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Shearer: Written Testimony, HASC 03/22/2017 1

Statement Before the

House Armed Services Committee

“The Evolution of Hybrid Warfare

and Key Challenges”

A Testimony by:

Andrew Shearer

Senior Adviser on Asia Pacific Security and

Director, Alliances and American Leadership Project,
Center for Strategic and International Studies

March 22, 2017

2118 Rayburn House Office Building

Shearer: Written Testimony, HASC 03/22/2017 2

Chairman Thornberry, Ranking Member Smith, distinguished Members of the Committee, thank
you for this opportunity to testify before you today on a subject of great importance: the
evolution of hybrid warfare.

Like Russia and Iran, China is using an ambiguous fusion of conventional and unconventional
capabilities and tactics to weaken liberal norms and institutions, erode U.S. influence, and
impose its own security preferences on its neighbors. Left unchecked, this trend will undermine
the regional and global order – endangering the security and prosperity of the United States and
its allies.

China's hybrid warfare strategy draws on many of the elements also employed by Russia and
Iran: exploiting the “gray zone” created by the West’s binary notion of “war” and “peace”;
primarily using paramilitary, coast guard, or militia organizations while keeping regular military
forces over the horizon; and combining all instruments of national power, including sophisticated
cyber operations, economic incentives and sanctions, and legal and political warfare (“lawfare”).

Over the past decade – and particularly since President Xi Jinping took office four years ago –
China has ramped up its assertiveness in the Western Pacific region. Recent examples include:

 Establishment of an air defense identification zone in the East China Sea (2013) and
rejection of an international tribunal’s ruling on Beijing’s South China Sea claims (2016);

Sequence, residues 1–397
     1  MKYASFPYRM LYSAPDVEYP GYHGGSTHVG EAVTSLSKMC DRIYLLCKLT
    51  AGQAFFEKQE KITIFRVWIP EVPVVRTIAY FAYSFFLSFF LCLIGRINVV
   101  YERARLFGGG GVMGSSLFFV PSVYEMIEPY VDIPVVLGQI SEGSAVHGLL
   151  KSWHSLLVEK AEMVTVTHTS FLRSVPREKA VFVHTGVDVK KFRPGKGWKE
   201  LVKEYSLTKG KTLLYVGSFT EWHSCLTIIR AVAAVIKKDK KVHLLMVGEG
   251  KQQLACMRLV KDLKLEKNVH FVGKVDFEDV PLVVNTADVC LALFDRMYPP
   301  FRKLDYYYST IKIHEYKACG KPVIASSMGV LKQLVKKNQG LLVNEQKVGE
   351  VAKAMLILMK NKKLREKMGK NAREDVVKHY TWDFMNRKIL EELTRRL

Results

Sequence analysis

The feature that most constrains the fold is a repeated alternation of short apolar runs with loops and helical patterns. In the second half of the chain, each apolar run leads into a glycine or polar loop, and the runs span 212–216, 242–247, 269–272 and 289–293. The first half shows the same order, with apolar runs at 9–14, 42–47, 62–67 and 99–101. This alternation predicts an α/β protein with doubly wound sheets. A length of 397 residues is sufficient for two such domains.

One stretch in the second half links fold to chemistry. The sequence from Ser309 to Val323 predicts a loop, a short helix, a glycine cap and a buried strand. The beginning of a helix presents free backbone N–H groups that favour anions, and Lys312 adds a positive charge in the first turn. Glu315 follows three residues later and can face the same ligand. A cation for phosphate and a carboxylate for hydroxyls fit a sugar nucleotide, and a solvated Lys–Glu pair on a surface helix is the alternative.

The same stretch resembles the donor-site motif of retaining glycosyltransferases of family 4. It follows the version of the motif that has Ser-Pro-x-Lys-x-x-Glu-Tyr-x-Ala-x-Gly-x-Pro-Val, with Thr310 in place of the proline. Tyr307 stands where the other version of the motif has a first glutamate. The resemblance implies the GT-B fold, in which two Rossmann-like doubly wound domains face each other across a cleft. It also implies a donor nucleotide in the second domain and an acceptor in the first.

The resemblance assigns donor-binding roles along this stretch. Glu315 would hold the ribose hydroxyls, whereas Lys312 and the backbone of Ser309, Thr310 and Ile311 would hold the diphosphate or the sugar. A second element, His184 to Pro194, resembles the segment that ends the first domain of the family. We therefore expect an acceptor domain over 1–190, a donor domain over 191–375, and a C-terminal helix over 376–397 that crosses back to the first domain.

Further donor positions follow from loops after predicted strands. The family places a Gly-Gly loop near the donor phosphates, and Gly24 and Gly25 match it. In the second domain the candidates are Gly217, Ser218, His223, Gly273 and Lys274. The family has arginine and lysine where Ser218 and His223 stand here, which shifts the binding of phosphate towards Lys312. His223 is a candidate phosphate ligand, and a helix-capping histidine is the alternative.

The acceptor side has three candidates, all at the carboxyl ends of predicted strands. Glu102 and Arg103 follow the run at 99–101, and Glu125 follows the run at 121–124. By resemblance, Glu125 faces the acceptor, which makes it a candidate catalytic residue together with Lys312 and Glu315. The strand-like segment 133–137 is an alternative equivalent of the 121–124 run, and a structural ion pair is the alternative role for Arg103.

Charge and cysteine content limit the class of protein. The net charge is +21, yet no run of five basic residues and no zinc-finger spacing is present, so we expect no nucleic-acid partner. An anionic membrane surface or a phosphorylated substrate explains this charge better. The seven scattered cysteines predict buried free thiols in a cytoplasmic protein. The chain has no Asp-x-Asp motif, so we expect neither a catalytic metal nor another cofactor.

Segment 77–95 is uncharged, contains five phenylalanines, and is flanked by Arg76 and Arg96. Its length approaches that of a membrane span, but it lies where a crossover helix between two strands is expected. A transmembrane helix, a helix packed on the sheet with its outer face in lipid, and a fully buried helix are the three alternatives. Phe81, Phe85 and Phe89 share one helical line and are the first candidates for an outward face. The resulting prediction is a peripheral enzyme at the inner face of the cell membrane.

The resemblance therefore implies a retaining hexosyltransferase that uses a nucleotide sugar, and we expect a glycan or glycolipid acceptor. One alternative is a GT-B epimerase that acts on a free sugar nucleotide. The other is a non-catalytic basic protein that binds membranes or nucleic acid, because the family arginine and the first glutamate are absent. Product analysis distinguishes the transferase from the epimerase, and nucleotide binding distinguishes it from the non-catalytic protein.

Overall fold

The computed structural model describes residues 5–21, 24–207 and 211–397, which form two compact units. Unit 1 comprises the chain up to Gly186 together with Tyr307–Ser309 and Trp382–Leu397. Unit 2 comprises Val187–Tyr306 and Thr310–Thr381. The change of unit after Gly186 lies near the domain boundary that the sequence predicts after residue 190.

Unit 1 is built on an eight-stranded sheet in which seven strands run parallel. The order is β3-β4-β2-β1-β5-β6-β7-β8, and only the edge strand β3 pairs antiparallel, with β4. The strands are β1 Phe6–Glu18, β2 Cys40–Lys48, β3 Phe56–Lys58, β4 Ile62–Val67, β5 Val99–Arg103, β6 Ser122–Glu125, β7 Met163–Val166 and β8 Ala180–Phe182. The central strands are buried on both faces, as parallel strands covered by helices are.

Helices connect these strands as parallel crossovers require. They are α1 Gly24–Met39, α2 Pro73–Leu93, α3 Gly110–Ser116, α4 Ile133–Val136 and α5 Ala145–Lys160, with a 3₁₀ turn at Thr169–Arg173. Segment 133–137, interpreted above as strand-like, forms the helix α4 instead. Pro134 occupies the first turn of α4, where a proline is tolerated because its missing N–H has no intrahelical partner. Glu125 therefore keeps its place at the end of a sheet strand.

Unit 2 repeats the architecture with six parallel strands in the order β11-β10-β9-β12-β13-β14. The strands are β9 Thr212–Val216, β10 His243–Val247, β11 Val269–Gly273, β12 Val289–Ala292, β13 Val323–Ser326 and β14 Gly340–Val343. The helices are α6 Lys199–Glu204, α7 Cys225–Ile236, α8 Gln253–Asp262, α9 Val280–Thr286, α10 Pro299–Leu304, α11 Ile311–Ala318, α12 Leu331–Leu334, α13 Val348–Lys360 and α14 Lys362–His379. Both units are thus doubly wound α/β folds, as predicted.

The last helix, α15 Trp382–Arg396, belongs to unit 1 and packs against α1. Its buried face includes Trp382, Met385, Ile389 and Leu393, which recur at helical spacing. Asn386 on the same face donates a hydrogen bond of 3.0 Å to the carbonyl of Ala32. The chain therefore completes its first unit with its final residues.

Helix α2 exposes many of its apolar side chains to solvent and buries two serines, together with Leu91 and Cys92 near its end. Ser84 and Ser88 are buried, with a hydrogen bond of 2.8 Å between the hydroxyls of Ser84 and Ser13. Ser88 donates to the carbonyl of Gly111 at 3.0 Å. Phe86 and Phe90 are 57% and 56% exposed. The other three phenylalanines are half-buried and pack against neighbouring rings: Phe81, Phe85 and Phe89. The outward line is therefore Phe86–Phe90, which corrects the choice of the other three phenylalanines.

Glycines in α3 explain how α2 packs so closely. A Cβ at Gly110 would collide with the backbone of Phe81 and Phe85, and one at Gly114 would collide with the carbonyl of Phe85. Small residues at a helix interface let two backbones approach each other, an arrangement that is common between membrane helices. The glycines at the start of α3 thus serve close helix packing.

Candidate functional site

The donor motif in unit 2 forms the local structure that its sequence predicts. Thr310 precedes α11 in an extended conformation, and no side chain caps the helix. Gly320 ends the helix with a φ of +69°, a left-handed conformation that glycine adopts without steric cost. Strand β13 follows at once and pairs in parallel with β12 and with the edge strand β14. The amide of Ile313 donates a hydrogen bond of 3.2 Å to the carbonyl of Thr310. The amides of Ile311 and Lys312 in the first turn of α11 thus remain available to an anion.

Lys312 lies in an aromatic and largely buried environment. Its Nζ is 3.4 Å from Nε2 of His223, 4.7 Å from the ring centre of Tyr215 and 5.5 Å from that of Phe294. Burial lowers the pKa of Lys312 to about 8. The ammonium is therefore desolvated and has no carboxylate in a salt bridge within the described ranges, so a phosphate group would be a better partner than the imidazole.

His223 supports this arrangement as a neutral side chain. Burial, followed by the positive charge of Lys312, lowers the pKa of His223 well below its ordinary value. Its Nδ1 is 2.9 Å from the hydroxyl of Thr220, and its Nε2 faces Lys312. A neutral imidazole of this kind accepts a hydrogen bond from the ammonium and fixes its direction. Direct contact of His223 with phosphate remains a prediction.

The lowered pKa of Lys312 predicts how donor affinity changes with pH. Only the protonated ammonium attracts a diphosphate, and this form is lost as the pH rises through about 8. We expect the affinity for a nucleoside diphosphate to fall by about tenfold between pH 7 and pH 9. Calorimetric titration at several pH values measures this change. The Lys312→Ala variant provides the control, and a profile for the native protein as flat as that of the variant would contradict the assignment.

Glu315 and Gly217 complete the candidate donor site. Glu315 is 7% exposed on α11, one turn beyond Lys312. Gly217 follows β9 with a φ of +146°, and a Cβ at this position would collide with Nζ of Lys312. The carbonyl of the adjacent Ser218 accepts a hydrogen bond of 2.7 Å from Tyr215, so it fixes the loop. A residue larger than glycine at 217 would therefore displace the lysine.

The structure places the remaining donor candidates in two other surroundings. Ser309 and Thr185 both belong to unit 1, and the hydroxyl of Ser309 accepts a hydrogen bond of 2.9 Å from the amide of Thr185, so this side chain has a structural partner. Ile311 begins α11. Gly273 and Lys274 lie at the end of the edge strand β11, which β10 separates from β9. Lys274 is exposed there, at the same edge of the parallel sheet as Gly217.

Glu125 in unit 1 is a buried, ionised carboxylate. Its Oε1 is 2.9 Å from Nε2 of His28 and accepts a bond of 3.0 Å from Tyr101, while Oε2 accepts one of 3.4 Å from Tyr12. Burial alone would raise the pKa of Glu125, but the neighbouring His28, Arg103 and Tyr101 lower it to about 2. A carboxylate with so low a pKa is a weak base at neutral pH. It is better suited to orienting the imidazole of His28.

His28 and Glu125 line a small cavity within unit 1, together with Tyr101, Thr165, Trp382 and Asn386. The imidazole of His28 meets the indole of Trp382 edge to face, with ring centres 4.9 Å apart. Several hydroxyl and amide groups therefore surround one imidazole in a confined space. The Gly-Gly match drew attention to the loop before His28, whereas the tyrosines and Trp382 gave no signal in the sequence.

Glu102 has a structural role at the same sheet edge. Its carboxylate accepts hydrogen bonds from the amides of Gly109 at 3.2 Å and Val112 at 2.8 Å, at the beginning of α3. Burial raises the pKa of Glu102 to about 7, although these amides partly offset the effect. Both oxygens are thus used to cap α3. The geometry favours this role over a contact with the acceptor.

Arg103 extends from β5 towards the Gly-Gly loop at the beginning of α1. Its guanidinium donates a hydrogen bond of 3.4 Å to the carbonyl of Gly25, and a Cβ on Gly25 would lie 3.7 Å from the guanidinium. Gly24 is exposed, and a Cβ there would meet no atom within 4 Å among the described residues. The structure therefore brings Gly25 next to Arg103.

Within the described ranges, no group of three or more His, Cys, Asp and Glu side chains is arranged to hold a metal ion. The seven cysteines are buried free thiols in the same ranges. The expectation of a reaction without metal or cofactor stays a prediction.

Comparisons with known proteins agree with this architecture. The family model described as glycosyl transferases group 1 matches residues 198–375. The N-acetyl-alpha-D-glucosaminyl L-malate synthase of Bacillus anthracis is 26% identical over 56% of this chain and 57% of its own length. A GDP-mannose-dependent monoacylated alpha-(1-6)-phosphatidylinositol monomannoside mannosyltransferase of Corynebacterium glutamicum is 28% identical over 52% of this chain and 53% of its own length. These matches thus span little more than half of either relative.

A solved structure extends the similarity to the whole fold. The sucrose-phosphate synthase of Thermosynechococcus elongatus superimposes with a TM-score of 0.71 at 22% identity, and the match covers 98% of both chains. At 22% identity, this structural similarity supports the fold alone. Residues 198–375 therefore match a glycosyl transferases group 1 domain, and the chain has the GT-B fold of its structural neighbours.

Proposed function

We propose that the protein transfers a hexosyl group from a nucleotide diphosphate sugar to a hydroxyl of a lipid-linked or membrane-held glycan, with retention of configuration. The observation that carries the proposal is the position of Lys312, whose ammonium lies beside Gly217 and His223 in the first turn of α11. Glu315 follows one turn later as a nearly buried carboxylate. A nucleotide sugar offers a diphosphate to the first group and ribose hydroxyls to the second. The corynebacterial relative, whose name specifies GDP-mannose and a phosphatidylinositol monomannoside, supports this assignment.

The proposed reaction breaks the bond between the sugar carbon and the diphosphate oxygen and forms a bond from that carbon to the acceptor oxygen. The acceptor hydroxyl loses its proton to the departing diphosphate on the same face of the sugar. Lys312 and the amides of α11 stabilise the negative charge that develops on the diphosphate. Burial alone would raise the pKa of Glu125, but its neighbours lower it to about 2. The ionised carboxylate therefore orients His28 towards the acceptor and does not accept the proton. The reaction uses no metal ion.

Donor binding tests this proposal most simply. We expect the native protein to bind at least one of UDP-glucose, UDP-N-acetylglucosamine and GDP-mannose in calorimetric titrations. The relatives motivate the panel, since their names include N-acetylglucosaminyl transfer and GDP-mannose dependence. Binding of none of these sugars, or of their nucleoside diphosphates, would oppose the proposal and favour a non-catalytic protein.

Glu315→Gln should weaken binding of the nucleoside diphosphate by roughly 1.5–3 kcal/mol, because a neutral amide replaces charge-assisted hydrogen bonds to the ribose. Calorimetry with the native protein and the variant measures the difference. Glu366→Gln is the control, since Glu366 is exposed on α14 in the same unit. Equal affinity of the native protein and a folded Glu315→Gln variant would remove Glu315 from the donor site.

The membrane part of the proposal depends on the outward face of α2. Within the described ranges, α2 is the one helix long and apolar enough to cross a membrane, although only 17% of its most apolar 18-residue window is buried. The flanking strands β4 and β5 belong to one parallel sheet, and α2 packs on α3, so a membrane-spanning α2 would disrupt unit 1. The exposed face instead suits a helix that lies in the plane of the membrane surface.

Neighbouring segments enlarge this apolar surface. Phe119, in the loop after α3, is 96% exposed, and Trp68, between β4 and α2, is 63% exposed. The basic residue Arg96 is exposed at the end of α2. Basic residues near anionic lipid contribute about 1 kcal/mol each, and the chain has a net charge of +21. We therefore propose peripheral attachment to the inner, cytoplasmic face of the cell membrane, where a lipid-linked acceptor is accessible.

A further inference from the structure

 Island building at seven disputed features in the Spratlys (since 2013);
 Deployment of an oil rig into disputed waters near Vietnam (2014);
 Harassment of supply missions to a Philippine military outpost (2014);
 Convoying more than 300 fishing vessels to the Japanese-controlled Senkaku Islands
 China-sourced donations to Australia’s major political parties (reported in 2016);
 And economic coercion, including limits on rare earth exports to Japan (2010) and fruit
imports from the Philippines (2012), as well as ongoing measures to harm South Korean
companies in retaliation for deployment of the THAAD ballistic missile defense system.

This incremental “salami-slicing” has enabled China to achieve much of its political and
territorial agenda in East Asia without triggering a forceful military response from the United
States and its allies. Beijing calculates it lacks the military capabilities (at least for now) to
prevail in an outright conflict at an acceptable cost. Instead, it has used capabilities like maritime
law enforcement where it has a comparative advantage, for objectives like offshore islands in
which it believes Washington has little direct stake.